Deal or No Deal?

I need some philosophical advice.Devil

Here’s the sitch: My latest boss (eight months now) is a smug, obnoxious, strutting, self-involved and ruthless stuffed shirt. Of course it goes without saying that he’s also incompetent. And, I have to assume he knows I don’t like him. He was hired from outside as the top executive at our location, and since he joined the “team,” the team has disintegrated, with more than half the staff walking out or — even worse for him — transferring to other locations within the company, which is like saying “I’m OK with the company, I just don’t want to work for you.” During his short tenure, profitability and morale have plummeted. So in addition to being an asshole, his job is probably on the line. Trust me, I’m doing all I can to expedite his departure, but that’s another story.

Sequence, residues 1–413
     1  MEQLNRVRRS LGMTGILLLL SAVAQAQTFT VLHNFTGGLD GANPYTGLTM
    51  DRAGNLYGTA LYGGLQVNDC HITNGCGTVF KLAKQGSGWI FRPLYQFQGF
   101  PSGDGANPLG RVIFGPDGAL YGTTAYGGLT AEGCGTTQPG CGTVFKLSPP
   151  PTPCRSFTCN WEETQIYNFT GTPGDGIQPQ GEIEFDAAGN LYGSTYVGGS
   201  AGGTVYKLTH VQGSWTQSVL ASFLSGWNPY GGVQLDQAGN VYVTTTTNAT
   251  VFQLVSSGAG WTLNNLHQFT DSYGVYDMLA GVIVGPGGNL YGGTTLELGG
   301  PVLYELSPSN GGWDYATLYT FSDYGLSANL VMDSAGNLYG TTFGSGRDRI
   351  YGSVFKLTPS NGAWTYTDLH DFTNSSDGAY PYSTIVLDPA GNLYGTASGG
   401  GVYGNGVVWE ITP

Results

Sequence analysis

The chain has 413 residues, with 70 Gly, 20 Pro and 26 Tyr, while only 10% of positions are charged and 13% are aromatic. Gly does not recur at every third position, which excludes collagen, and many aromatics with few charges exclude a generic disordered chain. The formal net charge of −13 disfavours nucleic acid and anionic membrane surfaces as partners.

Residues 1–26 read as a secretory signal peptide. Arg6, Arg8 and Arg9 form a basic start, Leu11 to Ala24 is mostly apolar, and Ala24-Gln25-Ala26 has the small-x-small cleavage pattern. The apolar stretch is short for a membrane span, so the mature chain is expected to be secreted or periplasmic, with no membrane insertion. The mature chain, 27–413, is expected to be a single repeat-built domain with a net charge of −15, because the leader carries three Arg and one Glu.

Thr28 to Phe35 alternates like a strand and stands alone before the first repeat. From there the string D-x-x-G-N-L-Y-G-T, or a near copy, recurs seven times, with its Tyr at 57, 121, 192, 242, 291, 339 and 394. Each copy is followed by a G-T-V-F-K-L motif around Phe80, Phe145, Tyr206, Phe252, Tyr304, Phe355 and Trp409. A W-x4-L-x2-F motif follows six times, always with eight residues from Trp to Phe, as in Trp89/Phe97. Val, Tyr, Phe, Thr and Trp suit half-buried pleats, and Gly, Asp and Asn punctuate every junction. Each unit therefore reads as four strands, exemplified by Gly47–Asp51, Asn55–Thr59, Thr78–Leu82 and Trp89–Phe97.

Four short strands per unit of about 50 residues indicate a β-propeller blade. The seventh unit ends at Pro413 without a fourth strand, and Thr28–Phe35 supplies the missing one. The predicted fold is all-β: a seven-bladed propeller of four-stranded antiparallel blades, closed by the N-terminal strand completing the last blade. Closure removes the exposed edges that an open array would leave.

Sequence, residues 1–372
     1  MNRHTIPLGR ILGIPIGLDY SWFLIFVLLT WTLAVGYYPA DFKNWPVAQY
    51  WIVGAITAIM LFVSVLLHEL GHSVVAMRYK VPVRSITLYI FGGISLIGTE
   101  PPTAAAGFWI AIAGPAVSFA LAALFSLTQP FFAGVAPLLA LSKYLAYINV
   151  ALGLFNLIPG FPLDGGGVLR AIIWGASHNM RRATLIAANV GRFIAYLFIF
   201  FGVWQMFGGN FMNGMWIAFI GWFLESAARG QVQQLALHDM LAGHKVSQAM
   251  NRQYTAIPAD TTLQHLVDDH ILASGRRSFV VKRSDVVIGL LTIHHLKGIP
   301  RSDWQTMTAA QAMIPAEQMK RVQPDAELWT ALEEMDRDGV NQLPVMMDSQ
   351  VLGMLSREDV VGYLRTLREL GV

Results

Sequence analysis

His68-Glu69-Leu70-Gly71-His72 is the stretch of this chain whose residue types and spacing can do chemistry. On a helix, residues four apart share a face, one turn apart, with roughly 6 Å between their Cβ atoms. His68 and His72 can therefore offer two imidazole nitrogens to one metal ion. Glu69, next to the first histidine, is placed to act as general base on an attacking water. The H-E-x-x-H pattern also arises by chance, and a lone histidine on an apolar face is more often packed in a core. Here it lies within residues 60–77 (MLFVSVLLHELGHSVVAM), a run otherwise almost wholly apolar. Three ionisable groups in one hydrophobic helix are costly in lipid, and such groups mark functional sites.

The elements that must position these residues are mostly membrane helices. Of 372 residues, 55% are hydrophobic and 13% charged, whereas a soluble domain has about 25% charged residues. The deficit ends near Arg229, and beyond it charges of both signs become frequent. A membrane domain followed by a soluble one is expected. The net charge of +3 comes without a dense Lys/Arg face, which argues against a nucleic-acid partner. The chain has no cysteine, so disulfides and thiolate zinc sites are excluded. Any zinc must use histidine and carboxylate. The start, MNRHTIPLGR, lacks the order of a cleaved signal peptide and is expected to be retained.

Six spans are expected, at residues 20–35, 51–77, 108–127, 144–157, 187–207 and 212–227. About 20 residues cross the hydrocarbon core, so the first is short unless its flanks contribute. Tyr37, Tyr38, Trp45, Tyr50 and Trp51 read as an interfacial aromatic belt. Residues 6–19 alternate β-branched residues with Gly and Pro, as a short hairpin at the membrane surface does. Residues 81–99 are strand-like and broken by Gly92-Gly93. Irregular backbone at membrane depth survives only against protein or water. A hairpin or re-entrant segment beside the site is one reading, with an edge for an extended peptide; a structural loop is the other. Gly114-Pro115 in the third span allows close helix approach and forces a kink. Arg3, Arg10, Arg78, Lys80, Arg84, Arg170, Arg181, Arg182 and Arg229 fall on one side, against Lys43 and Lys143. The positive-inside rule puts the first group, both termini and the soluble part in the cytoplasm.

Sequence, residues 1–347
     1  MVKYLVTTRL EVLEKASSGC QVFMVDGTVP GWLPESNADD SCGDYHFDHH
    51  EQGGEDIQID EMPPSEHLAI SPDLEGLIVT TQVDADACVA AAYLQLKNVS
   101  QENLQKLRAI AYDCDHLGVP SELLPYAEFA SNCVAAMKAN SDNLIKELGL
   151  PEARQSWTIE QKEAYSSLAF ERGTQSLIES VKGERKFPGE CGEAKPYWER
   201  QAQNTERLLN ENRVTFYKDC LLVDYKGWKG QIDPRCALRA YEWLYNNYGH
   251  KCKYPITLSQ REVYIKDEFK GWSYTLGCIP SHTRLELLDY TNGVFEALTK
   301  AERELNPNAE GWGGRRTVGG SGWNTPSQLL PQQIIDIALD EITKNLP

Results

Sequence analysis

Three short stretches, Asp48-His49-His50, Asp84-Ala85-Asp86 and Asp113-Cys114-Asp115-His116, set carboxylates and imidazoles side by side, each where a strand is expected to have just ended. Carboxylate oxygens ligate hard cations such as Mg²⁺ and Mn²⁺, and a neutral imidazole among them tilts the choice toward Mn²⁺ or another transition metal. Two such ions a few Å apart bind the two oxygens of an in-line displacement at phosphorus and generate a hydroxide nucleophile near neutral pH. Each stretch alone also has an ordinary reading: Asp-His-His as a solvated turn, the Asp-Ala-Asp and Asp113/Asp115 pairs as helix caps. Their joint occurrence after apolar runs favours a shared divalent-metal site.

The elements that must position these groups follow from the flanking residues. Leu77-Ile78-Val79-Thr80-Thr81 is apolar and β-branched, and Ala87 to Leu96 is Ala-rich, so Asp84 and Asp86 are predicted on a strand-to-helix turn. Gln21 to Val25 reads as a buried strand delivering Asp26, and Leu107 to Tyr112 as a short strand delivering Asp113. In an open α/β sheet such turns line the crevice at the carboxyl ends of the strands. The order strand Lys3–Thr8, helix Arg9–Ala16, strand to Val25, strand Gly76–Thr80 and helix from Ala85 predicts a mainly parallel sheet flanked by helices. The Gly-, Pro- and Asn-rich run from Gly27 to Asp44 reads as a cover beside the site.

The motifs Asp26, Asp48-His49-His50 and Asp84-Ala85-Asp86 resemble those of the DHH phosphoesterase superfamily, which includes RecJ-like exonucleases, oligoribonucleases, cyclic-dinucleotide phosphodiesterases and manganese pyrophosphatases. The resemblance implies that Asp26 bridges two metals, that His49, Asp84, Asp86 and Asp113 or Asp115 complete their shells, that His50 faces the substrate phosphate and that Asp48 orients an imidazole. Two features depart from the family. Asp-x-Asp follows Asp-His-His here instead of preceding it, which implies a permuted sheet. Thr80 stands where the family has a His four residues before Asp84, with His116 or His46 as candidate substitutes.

All of a sudden, HugeCorp has decided to restart a program they abandoned a few years ago, and here’s where the fun begins. The program is called ESI, or Employee Satisfaction Index. Yes my friends, Hugecorp now says it wants to be an “employer of choice” within the industry, and to that end they are going to survey the current employees regarding their experiences and attitudes about their jobs, and their supervisors. They want to find out what we all think about our bosses and how the place is being run, so they can keep us satisfied. This may or may not be bullshit. Certainly they have shown no inclination in the past to care about what anybody thinks, but that doesn’t matter, does it, because now I am going to get a chance to have my say, and I will surely poke a sharp stick into his puffed-up ego.

So the day after we all find out there’s going to be these ESI surveys (the week after next, by the way), Mr. Potato Head calls me over to his desk and lets me watch him fill out my own Employee Evaluation form. Without even reading it, he gives me the top score in every category straight down the page, and then writes a nice complimentary note at the bottom (even if I did have to spell “meticulous” for him). So I am now the perfect, model employee (as if I weren’t already!).